Children’s Fiction of 2008: Jimmy’s Stars by Mary Ann Rodman

This book was another historical fiction title that started out, at least, like a history lesson with lots and lots of cultural references to the World War II era: clothes, popular songs and movies, 1940’s slang, rationing, sports, food. Finally, about three-fourths of the way through the book delivered a gut punch, and things started happening and I began to get interested.

Children’s fiction books set during World War II on the home front, USA, abound:
Don’t Talk To Me About the War by David Adler. Semicolon review here.
Weedflower by Cynthia Kadohata. Semicolon review here.
Blue by Joyce Moyer Hostetter. Semicolon review here.
Keep Smiling Through by Ann Rinaldi.
My Secret War: The World War II Diary of Madeline Beck, Long Island, New York, 1941 by Mary Pope Osborne.
Early Sunday Morning: The Pearl Harbor Diary of Amber Billows, Hawaii, 1941 by Barry Denenberg.
Don’t You Know There’s a War On? by Avi.
Homefront by Doris Gwaltney.
Lily’s Crossing by Patricia Reilly Giff.
WIllow Run by Patricia Reilly GIff.
On the Wings of Heroes by Richard Peck.
Autumn Street by Lois Lowry.
Stepping on the Cracks by Mary Downing Hahn.
Taking Wing by Nancy Graff.
Aloha Means Come Back: The Story of a World War II Girl by Thomas and Dorothy Hoobler.
Journey to Topaz by Yochiko Uchida.
Love You, Soldier by Amy Hest.
Pearl Harbor Is Burning! by Kathleen Kudlinski.

Jimmy’s Stars is a worthy addition to this list, the story of Ellie McKelvey whose adored older brother Jimmie is drafted and sent to Europe as a medic in 1944. Ms. Rodman evokes the time period well and tells the story of a girl who is sad and proud and angry all at the same time as she misses her big brother and wishes for him to come home.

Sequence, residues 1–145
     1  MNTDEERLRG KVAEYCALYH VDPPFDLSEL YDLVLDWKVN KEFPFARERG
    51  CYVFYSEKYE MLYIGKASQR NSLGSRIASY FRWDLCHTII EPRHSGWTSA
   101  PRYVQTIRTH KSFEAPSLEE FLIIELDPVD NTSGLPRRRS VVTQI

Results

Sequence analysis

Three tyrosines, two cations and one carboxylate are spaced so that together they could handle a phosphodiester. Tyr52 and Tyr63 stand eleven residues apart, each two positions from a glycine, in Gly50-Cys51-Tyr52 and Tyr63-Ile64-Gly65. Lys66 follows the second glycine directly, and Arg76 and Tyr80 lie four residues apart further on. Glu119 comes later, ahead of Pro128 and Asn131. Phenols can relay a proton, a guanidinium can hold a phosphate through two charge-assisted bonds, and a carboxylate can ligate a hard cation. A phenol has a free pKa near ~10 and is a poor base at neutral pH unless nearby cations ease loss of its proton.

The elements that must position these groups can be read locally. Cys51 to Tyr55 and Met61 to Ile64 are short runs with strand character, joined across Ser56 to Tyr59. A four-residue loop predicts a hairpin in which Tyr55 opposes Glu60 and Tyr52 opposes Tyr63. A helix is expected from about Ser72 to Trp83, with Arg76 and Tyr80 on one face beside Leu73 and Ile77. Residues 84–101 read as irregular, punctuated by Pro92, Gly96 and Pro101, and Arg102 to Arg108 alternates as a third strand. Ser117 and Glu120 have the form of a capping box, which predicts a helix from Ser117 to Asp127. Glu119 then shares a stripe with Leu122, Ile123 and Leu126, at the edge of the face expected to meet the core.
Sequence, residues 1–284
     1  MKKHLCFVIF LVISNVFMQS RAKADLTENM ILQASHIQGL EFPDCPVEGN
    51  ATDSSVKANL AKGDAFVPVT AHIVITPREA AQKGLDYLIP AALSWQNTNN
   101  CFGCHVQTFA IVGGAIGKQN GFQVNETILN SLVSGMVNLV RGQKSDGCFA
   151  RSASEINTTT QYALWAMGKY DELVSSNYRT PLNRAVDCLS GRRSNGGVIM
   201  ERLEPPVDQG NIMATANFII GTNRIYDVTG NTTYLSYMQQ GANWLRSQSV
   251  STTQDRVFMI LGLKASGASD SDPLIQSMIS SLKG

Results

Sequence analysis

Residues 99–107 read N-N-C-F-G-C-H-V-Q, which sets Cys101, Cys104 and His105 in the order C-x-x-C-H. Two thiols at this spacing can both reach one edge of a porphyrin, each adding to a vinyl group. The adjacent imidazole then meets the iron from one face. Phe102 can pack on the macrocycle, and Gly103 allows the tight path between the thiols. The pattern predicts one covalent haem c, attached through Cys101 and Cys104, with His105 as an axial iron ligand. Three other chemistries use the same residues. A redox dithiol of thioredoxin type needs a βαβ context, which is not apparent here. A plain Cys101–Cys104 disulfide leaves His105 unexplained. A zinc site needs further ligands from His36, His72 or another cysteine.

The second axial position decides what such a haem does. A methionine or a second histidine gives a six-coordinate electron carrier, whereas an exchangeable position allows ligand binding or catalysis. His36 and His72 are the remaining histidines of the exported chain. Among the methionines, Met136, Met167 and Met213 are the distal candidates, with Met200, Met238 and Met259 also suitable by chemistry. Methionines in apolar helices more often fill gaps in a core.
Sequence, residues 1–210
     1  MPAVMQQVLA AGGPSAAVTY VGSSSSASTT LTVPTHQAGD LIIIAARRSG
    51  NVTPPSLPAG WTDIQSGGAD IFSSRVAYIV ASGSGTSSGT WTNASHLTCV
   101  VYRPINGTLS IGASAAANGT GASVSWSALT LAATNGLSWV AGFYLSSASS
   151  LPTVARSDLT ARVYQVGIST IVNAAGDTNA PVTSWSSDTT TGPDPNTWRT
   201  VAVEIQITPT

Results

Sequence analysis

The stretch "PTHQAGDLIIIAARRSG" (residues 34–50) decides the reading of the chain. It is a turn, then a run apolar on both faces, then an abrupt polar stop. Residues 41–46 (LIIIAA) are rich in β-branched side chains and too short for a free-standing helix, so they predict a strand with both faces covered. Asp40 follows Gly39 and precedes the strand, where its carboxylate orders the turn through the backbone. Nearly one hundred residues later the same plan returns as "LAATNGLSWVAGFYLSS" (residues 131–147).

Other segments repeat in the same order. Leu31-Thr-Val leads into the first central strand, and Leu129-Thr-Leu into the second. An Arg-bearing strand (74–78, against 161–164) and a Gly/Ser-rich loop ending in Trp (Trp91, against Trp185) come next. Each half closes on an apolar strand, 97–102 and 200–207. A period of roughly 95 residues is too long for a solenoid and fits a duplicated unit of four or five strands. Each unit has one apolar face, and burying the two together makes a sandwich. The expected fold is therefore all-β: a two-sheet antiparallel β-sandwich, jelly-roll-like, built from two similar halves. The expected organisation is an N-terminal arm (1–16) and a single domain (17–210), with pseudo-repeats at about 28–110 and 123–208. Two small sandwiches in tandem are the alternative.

Other reviews of Jimmy’s Stars:

Melissa at Book Nut: “The thing that carries this book from the beginning, is Ellie. She’s so real, so believable, so heart-breakingly hopeful that she literally leaps off the page and into your heart. You want her life to be okay, everything to go on as normal, and yet nothing can because of the war.”

Maw Books: “What made Jimmy’s Stars so great for me was the raw emotions that Ellie had. She really stepped right out of the pages of the book for me. I was also swept away into a different time and place as Mary Ann Rodman’s attention to historical accuracy and detail was superb.”

Looking Glass Review: “Packed with intimate details about life in America during World War II, this book will leave readers with a meaningful picture of what it was like to live through those very hard years.”

Enrichment activities for Jimmy’s Stars.

Writen by Sherry

I'm a Christian, the homeschooling mom of eight (yes, all mine) children, married to a NASA engineer, and a confirmed bookaholic. I like old books, conservative politics, and new and interesting ideas. My hair is grey, my favorite clothes are red, and I love purple. Come on in and enjoy the blog. Be sure to tell me what you think before you leave.

3 thoughts on “Children’s Fiction of 2008: Jimmy’s Stars by Mary Ann Rodman

  1. Oooh…thanks for the list of WWII children’s books! I’m always looking for such recommendations! Jimmy’s Stars has been on my list for awhile. I hope to get a chance to read it in the next couple of months.

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